1 hr 5 min

"Metaphors, Diversity and Trust in Communicating Precision Medicine" Narrative Medicine Rounds

    • Medicine

For our May Narrative Medicine Rounds, we welcome Sandra Soo-Jin Lee, Ph.D., who is the Chief of the Division of Ethics and faculty in the Department of Medical Humanities and Ethics at Columbia University. Dr. Lee is a medical anthropologist with extensive experience leading empirical bioethics research that focuses on the sociocultural and ethical dimensions of emerging genomic technologies. Dr. Lee will speak about "Metaphors, Diversity and Trust in Communicating Precision Medicine." Before coming to Columbia, Dr. Lee taught for nearly two decades at the Stanford Center for Biomedical Ethics and in the Program in Science, Technology and Society at Stanford University. She leads studies on the governance and use of biospecimens and patient data in research and the ethics of inclusion and categorizing diversity in human genetic variation research and translational genomics. Her projects include The Ethics of Inclusion: Diversity in Precision Medicine Research; Beyond Consent: Patient Preferences for Governance of Use of Clinical Samples and Data; and Social Networking and Personal Genomics: Implications for Health Research.
Dr. Lee is a Hastings Center Fellow and has served as Chairperson of the Institutional Review Board at the Cancer Prevention Institute of California and on the NIH/NHGRI Coriell Consultation and Oversight Committee of the International Haplotype Map. She currently serves on both the Scientific Advisory and Bioethics Boards of the Kaiser Permanente National Research Biobank, the NIH/NHGRI Genomics and Society Working Group and on the editorial board of Narrative Inquiry in Bioethics. Dr. Lee received her undergraduate degree in Human Biology from Stanford University and her doctorate from the Joint Program in Medical Anthropology at the University of California, Berkeley and University of California, San Francisco. Her postdoctoral fellowship training in Bioethics and Genetics was in the School of Medicine at Stanford University.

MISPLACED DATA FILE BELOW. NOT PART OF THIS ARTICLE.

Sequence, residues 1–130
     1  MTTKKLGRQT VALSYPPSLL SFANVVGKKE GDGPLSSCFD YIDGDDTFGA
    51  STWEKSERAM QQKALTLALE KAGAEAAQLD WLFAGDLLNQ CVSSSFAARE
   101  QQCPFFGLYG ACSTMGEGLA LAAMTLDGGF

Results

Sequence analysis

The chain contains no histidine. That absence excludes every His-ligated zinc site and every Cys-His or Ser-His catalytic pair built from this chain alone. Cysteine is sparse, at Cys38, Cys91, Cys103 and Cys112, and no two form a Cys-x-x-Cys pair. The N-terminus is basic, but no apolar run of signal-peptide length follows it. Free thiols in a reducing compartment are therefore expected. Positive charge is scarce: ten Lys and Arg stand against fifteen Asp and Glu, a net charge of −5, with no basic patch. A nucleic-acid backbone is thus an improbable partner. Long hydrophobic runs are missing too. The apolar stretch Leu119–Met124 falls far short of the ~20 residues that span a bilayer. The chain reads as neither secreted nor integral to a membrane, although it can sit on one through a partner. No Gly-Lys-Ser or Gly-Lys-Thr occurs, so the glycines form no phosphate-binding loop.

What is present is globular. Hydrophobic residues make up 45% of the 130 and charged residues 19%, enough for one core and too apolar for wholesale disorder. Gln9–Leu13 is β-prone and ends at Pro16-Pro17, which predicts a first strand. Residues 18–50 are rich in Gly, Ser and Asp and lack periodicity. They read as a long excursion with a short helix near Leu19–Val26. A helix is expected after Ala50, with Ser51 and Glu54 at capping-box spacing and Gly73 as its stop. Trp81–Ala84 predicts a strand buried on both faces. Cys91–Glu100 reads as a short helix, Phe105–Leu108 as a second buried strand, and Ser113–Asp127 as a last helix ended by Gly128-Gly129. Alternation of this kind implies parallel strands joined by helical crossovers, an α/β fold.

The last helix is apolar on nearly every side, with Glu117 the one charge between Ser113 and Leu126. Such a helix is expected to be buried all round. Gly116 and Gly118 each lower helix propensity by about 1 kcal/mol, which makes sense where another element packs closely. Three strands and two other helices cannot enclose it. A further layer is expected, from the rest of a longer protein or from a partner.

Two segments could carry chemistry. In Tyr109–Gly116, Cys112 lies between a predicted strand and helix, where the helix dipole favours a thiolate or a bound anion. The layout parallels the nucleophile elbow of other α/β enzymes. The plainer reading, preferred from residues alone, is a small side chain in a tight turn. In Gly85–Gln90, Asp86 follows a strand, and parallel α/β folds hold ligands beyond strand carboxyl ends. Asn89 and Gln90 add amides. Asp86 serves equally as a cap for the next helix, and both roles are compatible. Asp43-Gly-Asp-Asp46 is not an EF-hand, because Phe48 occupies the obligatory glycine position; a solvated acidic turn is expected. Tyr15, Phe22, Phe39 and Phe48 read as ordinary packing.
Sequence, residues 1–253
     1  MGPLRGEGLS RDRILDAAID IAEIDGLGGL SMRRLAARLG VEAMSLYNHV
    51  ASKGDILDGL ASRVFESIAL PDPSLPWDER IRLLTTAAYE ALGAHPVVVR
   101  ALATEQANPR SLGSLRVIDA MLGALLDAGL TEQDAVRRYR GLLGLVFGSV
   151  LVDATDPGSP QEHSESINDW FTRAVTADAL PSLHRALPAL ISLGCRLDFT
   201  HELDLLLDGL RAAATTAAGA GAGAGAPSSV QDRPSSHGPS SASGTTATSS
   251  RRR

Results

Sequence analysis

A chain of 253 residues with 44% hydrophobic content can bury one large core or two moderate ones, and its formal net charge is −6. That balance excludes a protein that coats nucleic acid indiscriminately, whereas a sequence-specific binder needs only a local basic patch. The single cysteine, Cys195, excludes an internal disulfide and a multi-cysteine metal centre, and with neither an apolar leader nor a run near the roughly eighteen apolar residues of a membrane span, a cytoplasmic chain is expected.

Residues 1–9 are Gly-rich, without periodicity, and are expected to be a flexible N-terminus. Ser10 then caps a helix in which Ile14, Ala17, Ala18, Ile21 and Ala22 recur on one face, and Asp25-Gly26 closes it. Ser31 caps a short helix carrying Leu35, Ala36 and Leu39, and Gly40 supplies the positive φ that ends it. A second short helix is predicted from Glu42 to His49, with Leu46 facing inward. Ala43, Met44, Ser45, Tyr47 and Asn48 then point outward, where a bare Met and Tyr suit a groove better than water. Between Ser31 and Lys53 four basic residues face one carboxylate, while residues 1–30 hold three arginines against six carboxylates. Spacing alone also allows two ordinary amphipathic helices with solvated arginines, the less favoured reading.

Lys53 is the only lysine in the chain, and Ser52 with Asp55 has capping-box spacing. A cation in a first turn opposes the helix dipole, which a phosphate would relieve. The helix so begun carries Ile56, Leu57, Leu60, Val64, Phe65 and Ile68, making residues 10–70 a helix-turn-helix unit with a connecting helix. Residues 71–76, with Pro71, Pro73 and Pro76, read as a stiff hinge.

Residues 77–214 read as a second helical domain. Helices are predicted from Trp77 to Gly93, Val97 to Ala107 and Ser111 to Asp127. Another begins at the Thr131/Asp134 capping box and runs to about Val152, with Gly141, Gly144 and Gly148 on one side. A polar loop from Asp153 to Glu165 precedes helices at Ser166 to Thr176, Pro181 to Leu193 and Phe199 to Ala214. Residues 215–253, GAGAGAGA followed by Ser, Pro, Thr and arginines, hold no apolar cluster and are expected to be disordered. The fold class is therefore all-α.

Narrative Medicine Rounds are monthly rounds on the first Wednesday of the month during the academic year hosted by the Division of Narrative Medicine in the Department of Medical Humanities and Ethics at Columbia University Medical Center. These events are free and open to the public.

For our May Narrative Medicine Rounds, we welcome Sandra Soo-Jin Lee, Ph.D., who is the Chief of the Division of Ethics and faculty in the Department of Medical Humanities and Ethics at Columbia University. Dr. Lee is a medical anthropologist with extensive experience leading empirical bioethics research that focuses on the sociocultural and ethical dimensions of emerging genomic technologies. Dr. Lee will speak about "Metaphors, Diversity and Trust in Communicating Precision Medicine." Before coming to Columbia, Dr. Lee taught for nearly two decades at the Stanford Center for Biomedical Ethics and in the Program in Science, Technology and Society at Stanford University. She leads studies on the governance and use of biospecimens and patient data in research and the ethics of inclusion and categorizing diversity in human genetic variation research and translational genomics. Her projects include The Ethics of Inclusion: Diversity in Precision Medicine Research; Beyond Consent: Patient Preferences for Governance of Use of Clinical Samples and Data; and Social Networking and Personal Genomics: Implications for Health Research.
Dr. Lee is a Hastings Center Fellow and has served as Chairperson of the Institutional Review Board at the Cancer Prevention Institute of California and on the NIH/NHGRI Coriell Consultation and Oversight Committee of the International Haplotype Map. She currently serves on both the Scientific Advisory and Bioethics Boards of the Kaiser Permanente National Research Biobank, the NIH/NHGRI Genomics and Society Working Group and on the editorial board of Narrative Inquiry in Bioethics. Dr. Lee received her undergraduate degree in Human Biology from Stanford University and her doctorate from the Joint Program in Medical Anthropology at the University of California, Berkeley and University of California, San Francisco. Her postdoctoral fellowship training in Bioethics and Genetics was in the School of Medicine at Stanford University.
Narrative Medicine Rounds are monthly rounds on the first Wednesday of the month during the academic year hosted by the Division of Narrative Medicine in the Department of Medical Humanities and Ethics at Columbia University Medical Center. These events are free and open to the public.

1 hr 5 min

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